In the sleeve notes for “XXX Anniversary Live”, Axel Rudi Pell writes a note to the faithful.

“My Front Of House Engineer, Ralf, recorded some shows on the last tour without my knowledge,” he explains. “After the tour was over he gave me a hard disc and said: enjoy”.

That is the record in a nutshell, because it is nearly every reason there is why this live album is better than nearly every other live record you will hear.

First, it sounds spontaneous. At the end of one of them singer Johnny Gioeli proclaims: “wow, what a mess!” and in “Edge Of The World” he asks if anyone is watching the band for the first time.

What follows is truly spectacular. A woman says she is popping her Pell cherry, if I can put it like that and Johnny – who has been ARP’s singer for 21 of these 30 years – says “wow! Who are you with? Is this your daughter?

After this there’s a pause before he says: “oh, its your sister…..!”

And that’s magnificent because it shows a) that ARP for all their brilliance aren’t slick, they are human, and b) clearly this is as real as it gets – because if it wasn’t, this bit wouldn’t be in.

Instead, this record, taped live at four European shows last year show that Axel Rudi Pell gives his name to a band (and in my mind it is a band, they have had nearly the same line up for 20 years, for goodness sake!) that is right up there as the finest in modern metal.

Their last few records have channelled the classics and shot them through with adrenaline better than just about anyone.

These 16 songs and just under two hours are your proof.

It begins with “The Wild And The Young” from last years incredible “A Knights Call” opus, and it ends with his anthem “Rock The Nation” – not a Montrose cover – and you know these songs, even if you don’t know these actual songs, as it were.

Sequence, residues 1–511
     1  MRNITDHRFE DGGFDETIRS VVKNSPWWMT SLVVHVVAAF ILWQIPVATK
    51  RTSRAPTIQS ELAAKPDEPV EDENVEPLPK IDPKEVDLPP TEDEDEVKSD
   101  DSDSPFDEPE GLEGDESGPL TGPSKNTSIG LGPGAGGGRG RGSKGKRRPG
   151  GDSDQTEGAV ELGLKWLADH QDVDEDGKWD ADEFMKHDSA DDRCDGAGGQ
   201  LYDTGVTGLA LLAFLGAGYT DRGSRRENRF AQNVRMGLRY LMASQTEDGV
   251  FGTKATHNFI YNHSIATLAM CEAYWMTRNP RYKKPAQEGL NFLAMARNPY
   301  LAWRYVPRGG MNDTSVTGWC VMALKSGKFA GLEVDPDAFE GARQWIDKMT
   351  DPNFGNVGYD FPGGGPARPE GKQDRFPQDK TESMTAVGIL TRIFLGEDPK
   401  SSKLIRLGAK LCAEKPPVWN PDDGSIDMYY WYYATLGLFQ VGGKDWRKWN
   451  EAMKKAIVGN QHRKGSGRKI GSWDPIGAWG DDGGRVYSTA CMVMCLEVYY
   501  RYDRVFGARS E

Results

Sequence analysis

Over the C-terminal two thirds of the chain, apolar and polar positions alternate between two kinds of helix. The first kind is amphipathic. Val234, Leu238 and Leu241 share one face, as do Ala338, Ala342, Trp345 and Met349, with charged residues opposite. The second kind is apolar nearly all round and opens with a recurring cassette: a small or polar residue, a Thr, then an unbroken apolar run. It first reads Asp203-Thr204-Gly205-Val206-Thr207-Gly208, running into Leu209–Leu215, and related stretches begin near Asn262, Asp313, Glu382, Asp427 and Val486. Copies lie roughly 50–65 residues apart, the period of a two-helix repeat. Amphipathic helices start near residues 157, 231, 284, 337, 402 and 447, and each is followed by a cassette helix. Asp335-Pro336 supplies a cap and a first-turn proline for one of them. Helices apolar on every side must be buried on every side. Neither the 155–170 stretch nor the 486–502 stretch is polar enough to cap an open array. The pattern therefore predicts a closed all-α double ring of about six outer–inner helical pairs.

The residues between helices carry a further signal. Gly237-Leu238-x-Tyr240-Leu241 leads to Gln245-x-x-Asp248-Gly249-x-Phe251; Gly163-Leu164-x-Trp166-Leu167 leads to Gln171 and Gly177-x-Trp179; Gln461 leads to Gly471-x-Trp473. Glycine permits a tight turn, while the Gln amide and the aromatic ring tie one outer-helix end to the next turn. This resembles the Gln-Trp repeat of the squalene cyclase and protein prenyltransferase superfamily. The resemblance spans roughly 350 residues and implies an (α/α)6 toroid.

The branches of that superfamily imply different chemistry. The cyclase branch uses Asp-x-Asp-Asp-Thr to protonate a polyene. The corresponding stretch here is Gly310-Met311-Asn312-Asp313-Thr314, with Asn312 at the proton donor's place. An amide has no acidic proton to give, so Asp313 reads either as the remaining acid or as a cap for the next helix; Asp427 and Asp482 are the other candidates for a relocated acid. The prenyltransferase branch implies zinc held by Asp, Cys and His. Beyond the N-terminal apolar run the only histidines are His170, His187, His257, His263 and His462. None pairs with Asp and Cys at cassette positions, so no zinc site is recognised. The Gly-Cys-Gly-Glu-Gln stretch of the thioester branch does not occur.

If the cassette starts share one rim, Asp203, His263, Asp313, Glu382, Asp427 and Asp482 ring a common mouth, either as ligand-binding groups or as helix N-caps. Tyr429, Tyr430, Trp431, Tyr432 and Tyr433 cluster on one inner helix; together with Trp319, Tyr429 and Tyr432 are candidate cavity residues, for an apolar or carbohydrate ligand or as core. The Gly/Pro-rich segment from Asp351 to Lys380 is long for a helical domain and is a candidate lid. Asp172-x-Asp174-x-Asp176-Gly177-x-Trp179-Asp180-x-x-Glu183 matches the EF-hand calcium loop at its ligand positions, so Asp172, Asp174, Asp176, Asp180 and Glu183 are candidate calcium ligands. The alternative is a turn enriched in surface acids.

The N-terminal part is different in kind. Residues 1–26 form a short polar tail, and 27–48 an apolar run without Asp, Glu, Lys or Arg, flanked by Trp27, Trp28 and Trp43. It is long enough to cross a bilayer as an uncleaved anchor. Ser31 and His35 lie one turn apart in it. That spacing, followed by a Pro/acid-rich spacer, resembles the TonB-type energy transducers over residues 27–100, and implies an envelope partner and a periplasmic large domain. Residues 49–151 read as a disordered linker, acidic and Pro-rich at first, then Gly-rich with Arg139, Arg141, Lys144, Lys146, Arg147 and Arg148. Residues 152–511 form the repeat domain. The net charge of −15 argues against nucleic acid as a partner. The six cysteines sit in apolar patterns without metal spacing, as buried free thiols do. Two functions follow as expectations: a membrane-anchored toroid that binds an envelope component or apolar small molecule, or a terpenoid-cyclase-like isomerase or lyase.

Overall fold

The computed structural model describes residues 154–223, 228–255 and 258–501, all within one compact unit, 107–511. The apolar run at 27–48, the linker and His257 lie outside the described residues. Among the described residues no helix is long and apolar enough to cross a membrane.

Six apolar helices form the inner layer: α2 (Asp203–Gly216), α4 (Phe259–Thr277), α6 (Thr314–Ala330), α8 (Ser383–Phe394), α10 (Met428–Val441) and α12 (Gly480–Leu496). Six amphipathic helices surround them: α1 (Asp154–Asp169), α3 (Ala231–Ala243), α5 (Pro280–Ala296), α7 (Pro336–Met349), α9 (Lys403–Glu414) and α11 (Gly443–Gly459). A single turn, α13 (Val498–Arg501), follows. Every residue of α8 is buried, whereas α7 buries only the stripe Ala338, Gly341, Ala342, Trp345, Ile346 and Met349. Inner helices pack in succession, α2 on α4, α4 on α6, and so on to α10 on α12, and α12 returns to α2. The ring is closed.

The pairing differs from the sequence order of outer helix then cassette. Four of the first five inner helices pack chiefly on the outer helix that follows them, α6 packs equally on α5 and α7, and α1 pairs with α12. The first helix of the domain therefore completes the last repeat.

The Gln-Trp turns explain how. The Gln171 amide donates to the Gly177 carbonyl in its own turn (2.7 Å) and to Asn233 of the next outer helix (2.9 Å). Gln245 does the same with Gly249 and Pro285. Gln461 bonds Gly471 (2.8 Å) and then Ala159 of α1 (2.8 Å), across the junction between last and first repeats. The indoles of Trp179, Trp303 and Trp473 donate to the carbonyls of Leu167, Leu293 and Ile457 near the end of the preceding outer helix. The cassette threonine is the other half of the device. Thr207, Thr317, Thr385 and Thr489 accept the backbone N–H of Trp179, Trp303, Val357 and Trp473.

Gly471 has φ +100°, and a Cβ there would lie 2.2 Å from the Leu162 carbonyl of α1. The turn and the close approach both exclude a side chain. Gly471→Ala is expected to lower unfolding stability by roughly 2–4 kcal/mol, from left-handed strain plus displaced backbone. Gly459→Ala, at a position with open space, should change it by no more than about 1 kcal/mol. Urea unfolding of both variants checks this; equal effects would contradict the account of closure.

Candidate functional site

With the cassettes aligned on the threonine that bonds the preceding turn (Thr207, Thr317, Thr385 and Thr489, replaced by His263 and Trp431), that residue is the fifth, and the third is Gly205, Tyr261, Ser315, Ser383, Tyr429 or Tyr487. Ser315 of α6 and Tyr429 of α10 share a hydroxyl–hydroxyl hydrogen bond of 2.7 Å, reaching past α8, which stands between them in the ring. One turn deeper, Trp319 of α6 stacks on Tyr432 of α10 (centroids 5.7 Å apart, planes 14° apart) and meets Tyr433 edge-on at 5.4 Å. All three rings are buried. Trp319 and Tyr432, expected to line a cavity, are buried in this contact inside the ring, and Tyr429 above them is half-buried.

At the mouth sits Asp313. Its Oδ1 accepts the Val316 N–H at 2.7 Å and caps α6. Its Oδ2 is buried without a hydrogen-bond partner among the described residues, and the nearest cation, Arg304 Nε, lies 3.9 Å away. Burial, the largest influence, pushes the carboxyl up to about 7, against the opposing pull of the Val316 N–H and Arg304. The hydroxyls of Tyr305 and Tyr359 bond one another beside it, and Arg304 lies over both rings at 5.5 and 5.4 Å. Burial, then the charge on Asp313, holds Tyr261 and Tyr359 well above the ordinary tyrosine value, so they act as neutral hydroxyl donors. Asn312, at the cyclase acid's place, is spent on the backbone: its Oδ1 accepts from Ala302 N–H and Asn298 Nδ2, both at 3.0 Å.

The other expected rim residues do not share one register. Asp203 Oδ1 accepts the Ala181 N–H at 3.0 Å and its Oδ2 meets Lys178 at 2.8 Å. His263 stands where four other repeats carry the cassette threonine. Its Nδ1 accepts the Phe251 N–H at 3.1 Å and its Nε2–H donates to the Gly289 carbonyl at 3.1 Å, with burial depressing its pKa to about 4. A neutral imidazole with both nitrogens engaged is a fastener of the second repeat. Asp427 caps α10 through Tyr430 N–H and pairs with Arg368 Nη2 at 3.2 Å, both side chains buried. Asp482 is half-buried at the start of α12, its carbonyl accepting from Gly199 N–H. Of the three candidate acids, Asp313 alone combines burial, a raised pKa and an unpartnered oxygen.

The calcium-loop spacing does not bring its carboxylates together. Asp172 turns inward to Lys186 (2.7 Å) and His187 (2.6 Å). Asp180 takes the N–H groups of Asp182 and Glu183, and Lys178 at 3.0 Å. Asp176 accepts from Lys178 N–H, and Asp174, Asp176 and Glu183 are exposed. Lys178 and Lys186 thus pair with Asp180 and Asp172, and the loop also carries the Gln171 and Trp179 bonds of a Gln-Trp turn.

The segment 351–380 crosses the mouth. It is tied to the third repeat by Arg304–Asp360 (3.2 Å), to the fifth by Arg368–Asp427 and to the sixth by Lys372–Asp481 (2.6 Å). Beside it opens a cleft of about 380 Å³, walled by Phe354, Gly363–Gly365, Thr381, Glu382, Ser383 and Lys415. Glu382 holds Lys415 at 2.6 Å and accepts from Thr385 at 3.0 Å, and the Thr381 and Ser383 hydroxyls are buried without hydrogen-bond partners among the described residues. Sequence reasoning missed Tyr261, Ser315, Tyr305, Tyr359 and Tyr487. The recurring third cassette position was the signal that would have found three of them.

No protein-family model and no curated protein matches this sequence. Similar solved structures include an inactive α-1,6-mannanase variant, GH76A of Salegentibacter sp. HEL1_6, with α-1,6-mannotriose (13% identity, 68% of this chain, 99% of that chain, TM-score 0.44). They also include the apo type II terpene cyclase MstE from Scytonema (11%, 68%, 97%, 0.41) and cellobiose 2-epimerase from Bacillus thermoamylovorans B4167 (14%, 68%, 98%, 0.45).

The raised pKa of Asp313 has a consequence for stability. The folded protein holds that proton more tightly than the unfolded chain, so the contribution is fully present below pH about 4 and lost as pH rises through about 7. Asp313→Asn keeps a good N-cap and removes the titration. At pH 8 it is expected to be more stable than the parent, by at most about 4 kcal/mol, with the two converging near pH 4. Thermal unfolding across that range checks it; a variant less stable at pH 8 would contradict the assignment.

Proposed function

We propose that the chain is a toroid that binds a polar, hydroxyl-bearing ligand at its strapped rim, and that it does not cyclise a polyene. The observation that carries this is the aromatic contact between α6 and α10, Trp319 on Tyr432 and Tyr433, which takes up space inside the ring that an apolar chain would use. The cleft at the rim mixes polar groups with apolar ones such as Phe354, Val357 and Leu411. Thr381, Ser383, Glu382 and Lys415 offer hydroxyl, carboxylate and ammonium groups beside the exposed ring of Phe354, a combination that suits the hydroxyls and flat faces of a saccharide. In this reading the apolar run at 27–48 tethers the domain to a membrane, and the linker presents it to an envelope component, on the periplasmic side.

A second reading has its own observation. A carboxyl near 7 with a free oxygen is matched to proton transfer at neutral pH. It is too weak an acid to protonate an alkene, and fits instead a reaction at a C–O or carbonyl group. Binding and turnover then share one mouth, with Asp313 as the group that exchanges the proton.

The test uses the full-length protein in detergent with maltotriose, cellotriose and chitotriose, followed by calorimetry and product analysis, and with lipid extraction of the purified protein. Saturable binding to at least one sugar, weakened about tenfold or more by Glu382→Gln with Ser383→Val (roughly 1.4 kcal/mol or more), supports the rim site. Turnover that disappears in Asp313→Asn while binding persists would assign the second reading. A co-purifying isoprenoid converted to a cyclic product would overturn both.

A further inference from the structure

A touch of Deep Purple, a bit of Rainbow, add some Dio to taste, the odd Schenker flourish, and you’ve got it, but what makes Pell – and consequently this celebration – special, is that he knows this too.

As he puts it himself: ““If the whole thing hadn’t taken off, I’d be bored to tears in my trained job as an industrial management assistant to this very day.” He gets it. He’s the fan, just like you, just like me, its just that he’s incredibly talented and in many ways, he lives our dreams.

That feeling is all over this. The gleeful “Wildest Dreams”, (appropriate maybe?) the power metal tinged “Oceans Of Time” – 20 years old and still glorious – while there are two massive epics. “Mystica” and perhaps the highlight, and definitely the centrepiece, “Game Of Sins/Tower Of Babylon”.

For all the wonderful guitar, Pell is content to let Gioelli take centre stage, while the brilliant keyboards of Ferdy Doernberg propel so much of the beauty here. Right before the ending “Rock The Nation” comes another older one, but “The Masquerade Ball” basically shows everyone else how it should be done – and he cleverly segues this with a brilliant “Casbah”.

Think about this too: 30 years ago streaming didn’t exist. Axel Rudi Pell has amassed 37.5 million streams since it began.

What’s more, every single one is deserved.

To my shame I’ve never seen Axel Rudi Pell live. Here’s why I – and you – should.

People love to denigrate live records. Saying they’re stopgaps or whatever else. Not when they’re fantastic, like this, they aren’t.

Rating 9/10